Hyderabad: President Pranab Mukherjee Thursday underscored the importance of cleanliness and sanitation in cities.
Addressing the closing ceremony of 11th Metropolis World Congress, he said a clean city is the first and foremost parameter of equity and a clean environment is the right of every citizen.
He urged urban administrators to treat cleanliness as a non-negotiable requirement. "They must make a paradigm shift from waste dumping to waste processing. Garbage must be seen as a resource," he said.
Mukherjee observed that urban India faces a backlog in the provision of basic amenities and infrastructure. About nine percent of urban India does not have access to safe drinking water and 12.6 percent have no toilet facilities.
The president told the delegates that the Indian government this month launched clean India mission which seeks to provide sanitation facilities for all and create a clean urban India in the 4,041 statutory towns by 2019.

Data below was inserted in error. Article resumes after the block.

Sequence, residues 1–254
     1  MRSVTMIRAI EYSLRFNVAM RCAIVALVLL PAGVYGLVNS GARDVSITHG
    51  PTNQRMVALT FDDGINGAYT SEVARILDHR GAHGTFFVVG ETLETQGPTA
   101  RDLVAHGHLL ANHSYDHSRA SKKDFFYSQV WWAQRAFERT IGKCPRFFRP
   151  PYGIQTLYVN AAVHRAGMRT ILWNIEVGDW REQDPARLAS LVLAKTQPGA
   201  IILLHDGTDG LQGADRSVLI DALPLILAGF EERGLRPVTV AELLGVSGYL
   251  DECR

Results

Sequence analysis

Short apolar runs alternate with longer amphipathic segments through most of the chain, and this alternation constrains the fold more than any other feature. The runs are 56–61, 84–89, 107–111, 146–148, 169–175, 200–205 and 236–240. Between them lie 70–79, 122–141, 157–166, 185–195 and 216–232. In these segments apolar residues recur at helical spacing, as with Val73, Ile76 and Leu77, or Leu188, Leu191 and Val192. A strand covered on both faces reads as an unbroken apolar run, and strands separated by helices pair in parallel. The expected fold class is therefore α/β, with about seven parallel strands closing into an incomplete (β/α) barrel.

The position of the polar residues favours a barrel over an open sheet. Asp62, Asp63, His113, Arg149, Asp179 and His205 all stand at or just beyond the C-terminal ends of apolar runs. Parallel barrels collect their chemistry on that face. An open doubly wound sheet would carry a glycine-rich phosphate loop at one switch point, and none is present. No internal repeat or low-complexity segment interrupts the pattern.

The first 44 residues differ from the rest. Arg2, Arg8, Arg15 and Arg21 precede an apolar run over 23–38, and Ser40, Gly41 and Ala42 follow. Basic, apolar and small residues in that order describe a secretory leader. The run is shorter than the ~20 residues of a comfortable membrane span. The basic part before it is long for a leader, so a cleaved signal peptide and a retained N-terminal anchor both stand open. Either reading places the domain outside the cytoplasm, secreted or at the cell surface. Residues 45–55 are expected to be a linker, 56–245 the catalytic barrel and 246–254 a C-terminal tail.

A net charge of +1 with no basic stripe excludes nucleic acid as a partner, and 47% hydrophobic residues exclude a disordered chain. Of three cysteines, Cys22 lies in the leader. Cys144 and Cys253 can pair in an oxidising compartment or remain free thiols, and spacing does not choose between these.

Terming pollution as a huge challenge in cities, he underlined the need for focusing on prevention rather than mitigation of pollutants. He suggested that apart from creating lung spaces and green cover, people should be encouraged to adopt energy efficient technologies.
Mukherjee said the Indian government proposes to launch a new urban development mission to support states in building infrastructure and services in urban areas. A new mission mode program is being designed to take up these activities for 500 cities and private participation will be encouraged.
Stating that the government also plans to develop 100 smart cities, he said the smart city approach will merge urban planning, governance, ecology, environment, infrastructure and information technology to ensure that benefits of technology reach every neighbourhood and improves the quality of lives of citizens.
The president noted that urbanisation is sweeping the world. "It has been said that the 19th century was the century of empires; the 20th century was the century of countries and the 21st century will be the century of cities," he said.
He pointed out that urban areas contribute more than 60 percent of India's Gross Domestic Product (GDP). The top 100 largest cities produce about 43 percent of the GDP, with 16 percent of the population and just 0.24 percent of the land area. "In India too, there is realization that planned urbanization is one of the keys to unlock India's growth potential," he added.
At a time when more than 50 percent of the world live in urban areas, it is important that administrators address the ever rising challenges of sanitation, pollution, mobility, civic amenities and public safety in an innovative manner, he said.